January 26, 2013

Feds: Everyone deserves a chance to play

Despite the federal directive, Maine schools are already getting kids with disabilities to be part of the team.

By Noel K. Gallagher ngallagher@pressherald.com
Staff Writer

At Fryeburg Academy, the field hockey team plays with an orange ball and goals painted orange for a visually impaired player, Christina DiPietro.

click image to enlarge

An orange ball is one of the accommodations school athletics officials have made for Fryeburg Academy’s Christina DiPietro, a field hockey player who is legally blind, seen playing against Yarmouth last year.

Press Herald file photo/John Ewing

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Cape Elizabeth’s Christina Kouros, who was born with one leg, has competed in track and field and skiing.

Press Herald file photo/Derek Davis

Additional Photos Below

At Cape Elizabeth High School, Christina Kouros, who was born with one leg, uses a sit-ski to compete on the school's Nordic ski team. She also races in her wheelchair in track meets.

Cape Elizabeth's athletic administrator, Jeff Thoreck, said the school worked with the Maine Principals' Association to open up track events to disabled students.

"It was amazing how willing and how motivated people were to make this work," he said. "Maine is very open-minded and very willing to take on change like this."

The federal Department of Education issued a letter to schools nationwide Friday, saying they must make "reasonable modifications" to allow students with disabilities to play extracurricular sports under existing law.

In Maine, that effort is already happening.

The letter, from Seth Galanter, acting assistant secretary for civil rights in the U.S. Department of Education, is unlikely to set off any big changes in Maine, said Dick Durost, executive director of the Maine Principals' Association, which coordinates statewide policy for extracurricular activities from sports teams to drama clubs.

"It brings attention to something that I hope we're already doing," Durost said Friday. "I'd like to think that most educators, coaches and school systems don't discriminate against students with disabilities."

Maine is one of 12 states that have policies for allowing students with disabilities to compete in team sports. In 2011, the principals' association announced new rules to enable wheelchair athletes to compete in track meets.

To allow disabled athletes to compete, the association announced a different scoring system, additional heats and other changes.

If a school cannot accommodate a student, it is encouraged to partner with a community organization -- an adaptive sports program or Special Olympics, for example -- to help the student.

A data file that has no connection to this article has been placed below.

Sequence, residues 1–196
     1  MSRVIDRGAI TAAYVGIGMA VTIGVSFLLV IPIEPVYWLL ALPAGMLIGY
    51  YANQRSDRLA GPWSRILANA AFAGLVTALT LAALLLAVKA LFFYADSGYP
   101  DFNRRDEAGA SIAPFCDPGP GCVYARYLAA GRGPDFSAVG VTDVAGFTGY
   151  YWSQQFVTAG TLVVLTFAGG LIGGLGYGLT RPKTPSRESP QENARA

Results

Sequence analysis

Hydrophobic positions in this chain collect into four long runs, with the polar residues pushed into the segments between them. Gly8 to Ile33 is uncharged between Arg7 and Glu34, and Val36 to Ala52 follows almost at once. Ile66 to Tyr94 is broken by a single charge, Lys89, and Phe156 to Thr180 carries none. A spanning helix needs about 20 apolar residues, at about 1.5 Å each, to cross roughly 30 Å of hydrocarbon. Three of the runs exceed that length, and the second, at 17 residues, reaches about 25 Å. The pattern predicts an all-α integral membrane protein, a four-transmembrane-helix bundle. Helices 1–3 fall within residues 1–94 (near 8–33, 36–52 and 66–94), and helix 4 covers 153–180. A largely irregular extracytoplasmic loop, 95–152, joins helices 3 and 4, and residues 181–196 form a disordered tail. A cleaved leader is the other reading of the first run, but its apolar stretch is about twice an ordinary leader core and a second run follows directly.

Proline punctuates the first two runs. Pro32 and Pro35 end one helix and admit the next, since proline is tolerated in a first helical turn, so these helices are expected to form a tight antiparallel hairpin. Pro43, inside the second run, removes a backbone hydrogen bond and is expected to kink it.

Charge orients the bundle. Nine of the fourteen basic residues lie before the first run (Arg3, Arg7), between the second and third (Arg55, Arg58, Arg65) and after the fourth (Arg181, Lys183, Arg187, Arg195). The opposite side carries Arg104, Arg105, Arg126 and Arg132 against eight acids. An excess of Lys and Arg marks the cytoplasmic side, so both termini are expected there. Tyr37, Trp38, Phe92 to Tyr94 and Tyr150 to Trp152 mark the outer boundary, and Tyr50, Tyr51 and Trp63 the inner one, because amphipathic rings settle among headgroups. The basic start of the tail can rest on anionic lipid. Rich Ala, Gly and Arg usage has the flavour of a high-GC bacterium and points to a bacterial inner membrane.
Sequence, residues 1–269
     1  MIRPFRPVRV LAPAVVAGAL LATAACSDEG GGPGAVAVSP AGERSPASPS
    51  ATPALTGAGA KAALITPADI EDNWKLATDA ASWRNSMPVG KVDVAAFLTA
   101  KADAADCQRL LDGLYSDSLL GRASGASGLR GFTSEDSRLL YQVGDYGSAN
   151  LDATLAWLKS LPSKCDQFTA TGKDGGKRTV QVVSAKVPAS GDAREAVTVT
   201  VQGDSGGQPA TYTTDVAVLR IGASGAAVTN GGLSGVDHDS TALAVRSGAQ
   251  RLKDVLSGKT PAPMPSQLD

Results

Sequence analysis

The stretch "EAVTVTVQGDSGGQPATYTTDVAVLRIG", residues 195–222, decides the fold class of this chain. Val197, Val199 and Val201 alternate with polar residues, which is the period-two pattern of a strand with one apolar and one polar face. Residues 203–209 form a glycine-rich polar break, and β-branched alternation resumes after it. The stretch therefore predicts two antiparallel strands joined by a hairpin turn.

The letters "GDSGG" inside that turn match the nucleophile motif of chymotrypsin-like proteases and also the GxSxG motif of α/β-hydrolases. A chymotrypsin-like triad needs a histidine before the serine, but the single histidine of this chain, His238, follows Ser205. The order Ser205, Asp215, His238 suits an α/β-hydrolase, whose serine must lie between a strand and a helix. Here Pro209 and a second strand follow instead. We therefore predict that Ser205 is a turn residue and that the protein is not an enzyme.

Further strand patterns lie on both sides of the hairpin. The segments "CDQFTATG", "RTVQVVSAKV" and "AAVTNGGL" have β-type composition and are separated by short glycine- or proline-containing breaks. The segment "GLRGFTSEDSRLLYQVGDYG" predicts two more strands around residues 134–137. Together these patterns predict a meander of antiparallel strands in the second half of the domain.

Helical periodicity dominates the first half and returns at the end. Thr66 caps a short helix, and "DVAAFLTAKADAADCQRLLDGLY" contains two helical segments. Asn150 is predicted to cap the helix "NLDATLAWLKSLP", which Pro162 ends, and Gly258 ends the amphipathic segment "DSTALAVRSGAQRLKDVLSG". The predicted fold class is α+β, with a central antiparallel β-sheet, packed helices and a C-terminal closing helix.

Philip Geelhoed, president and chief executive officer of Special Olympics Maine, said his organization has partnerships with 30 Maine schools to form teams with students with and without disabilities to train and compete in a program called Unified Sports.

"Unified Sports is rapidly growing," Geelhoed said. "We are thrilled to think that many more school officials could now consider adding this to their offerings, in light of this new directive from the Department of Education."

The letter was prompted by a federal investigation that showed students with disabilities do not always get equal opportunity to play, and directed the Department of Education to clarify the regulations.

Terri Lakowski, a youth sports advocate who led the coalition behind the investigation, said the details in Friday's letter are critical to taking action at the school level.

Lakowski, who worked on Title IX issues for the Women's Sports Foundation, compared the fight for students with disabilities to Title IX, the landmark 1972 law that required schools to provide equal sports opportunities to girls and women.

Federal regulations have required schools to accommodate disabled students, but "didn't explain or define what it meant to have an equal program," she said.

"It was left to each school, and in some schools that meant full inclusion (for disabled students) while in some instances they were just the water boy or water girl or assistant team manager," said Lakowski.

The detail in Friday's letter will change that, she said.

(Continued on page 2)

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Additional Photos

click image to enlarge

Christina Kouros uses a sit-ski to compete on the Cape Elizabeth Nordic ski team in 2011. The federal Department of Education on Friday told schools nationwide that they must provide sports opportunities for disabled students. State officials say that is already happening in Maine.

2011 Press Herald file photo/Gregory Rec

click image to enlarge

Fryeburg’s Christina DiPietro is legally blind, yet was one of the top players on her team last year. Home games are played with an orange ball and goals to help her see them.

2012 Press Herald file photo/John Ewing


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